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What are permitted development rights?

This article aims to shed light on the introduction of Permitted Development Rights (PDR) which were implemented to allow for certain forms of development to occur.

Published on
December 6, 2021


Development in the UK is generally regulated through planning applications. Planning decisions are supposed to be issued within 8 weeks, or 13 weeks for more complex applications. As such, the process can be time-consuming. This article aims to shed light on the introduction of Permitted Development Rights (PDR) which were implemented to allow for certain forms of development to occur without the need for full planning permission. 

Permitted Development Rights

PDRs were introduced by the National Government. While  PDRs have existed in some form since 1948, it is only recently under the Town and Country Planning (General Permitted Development) (England) Order (GDPO) 2015[2]where significant changes have been implemented annually. 

Permitted development rights were introduced to help simplify the planning process. Applicants need only apply for "Prior approval” to a Local Planning Authority (LPA) to make any changes. Due to PDRs, LPAs can only take into account a limited variety of concerns. Issues such as the principle of the conversion, design or other planning obligations are out of the picture.  

Common types of Permitted Development Rights

Some common permitted development rights include[3]:

·       Interior remodelling 

·       Installation and modifications of chimneys, antenna, satellite dishes, CCTV

·       Erection of gates, fences, walls and other enclosures (no more than 2 m high)

·       Provision of certain hard surfaces and means of access to a highway

·       Exterior painting (other than advertisements)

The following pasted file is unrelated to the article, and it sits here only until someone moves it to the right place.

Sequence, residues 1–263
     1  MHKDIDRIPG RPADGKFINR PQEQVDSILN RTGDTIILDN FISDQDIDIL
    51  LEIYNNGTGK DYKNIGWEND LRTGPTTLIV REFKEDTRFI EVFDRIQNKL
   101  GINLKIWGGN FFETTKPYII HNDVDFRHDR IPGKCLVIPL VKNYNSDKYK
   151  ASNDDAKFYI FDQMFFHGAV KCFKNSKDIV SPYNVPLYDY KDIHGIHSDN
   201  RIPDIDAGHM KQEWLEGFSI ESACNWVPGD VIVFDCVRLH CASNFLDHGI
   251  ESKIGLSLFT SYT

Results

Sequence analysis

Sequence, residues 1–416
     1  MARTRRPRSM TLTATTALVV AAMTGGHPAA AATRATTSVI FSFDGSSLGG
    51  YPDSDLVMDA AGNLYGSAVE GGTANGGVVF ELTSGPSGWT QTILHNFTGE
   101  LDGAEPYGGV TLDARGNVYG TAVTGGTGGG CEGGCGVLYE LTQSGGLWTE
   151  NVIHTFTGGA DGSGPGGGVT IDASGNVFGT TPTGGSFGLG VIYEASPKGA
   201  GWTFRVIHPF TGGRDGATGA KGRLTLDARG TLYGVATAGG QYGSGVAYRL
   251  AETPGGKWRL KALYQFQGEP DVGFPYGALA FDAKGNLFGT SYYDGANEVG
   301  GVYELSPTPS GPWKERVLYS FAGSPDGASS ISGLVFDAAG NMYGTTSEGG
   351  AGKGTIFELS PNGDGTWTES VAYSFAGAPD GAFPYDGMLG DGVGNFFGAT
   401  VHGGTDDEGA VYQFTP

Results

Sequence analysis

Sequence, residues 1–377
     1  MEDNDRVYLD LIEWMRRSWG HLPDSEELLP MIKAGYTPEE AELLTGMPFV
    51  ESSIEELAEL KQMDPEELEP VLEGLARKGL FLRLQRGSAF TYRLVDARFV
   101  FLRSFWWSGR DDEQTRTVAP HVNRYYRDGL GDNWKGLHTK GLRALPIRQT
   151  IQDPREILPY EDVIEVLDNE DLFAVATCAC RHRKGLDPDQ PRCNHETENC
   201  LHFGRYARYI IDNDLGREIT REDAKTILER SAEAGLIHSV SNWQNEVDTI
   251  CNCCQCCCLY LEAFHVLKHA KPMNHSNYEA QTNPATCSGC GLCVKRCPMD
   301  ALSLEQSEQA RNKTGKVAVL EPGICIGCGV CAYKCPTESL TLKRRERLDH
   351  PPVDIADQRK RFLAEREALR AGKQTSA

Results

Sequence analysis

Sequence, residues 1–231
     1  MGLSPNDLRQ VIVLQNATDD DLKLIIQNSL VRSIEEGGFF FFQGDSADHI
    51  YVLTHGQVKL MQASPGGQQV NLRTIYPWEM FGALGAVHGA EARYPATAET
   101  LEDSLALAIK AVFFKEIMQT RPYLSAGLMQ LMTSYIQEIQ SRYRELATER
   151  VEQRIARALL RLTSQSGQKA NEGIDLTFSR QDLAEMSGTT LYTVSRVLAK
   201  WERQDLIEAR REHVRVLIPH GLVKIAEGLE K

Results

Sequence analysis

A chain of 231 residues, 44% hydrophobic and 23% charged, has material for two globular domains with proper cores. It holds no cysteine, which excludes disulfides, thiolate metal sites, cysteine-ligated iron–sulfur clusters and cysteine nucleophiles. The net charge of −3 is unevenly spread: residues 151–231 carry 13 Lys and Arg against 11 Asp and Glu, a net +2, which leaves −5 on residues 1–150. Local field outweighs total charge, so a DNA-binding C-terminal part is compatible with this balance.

·       Temporary structures and plant for construction purposes

·       Temporary structures remaining for no more than 28 days

·       Building operations consisting of the demolition of a building 


With an easier route for ‘prior approval’ for certain projects, homeowners, landowners and developers have greater freedom. Nonetheless, certain restrictions will still apply, these include:

·       Listed buildings

·       Conservation Areas

·       National Parks

·       Areas of outstanding natural beauty

·       Article 4 Direction (see below) 

Article 4 Direction 

While Permitted Development rights are in place nationally, LPAs can issue an ‘Article 4’ direction. These are usually restricted to certain areas such as commercial and industrial hubs or conservation areas where the Local Authority wants to preserve the existing character and employment uses of the area. 

When an ‘Article 4’ direction is invoked, planning permission will be needed to carry out work that is usually not needed in other areas. Because these are seldom publicised widely, one needs to do thorough research on whether one exists in your local neighbourhood.

Recent Amendments 

Since 2013, much of the PDR changes deal with the conversion of Office, Retail and Industrial to Residential uses. These changes are part of the government’s attempt to deliver more housing in England. It is estimated that 15,000 additional dwellings have been delivered annually.

Class O Offices to Residential

  • No size limit

Class M Retail, takeaway or specified sui generis to Residential

  • Up to 150 sqm

Class PA Premises in light industrial use to residential

  • Up to 500 sqm

Class MA (From August 2021)

Class E (High Street uses) to Residential 

  • Up to 1500 sqm

While PDRs seem to bring simplicity and much-needed streamlining to the planning process, there are many concerns surrounding the impacts of PDRs on the potential loss of industrial land, loss of planning obligations (such as affordable housing) and income for LPAs. This will be explored in another article. 

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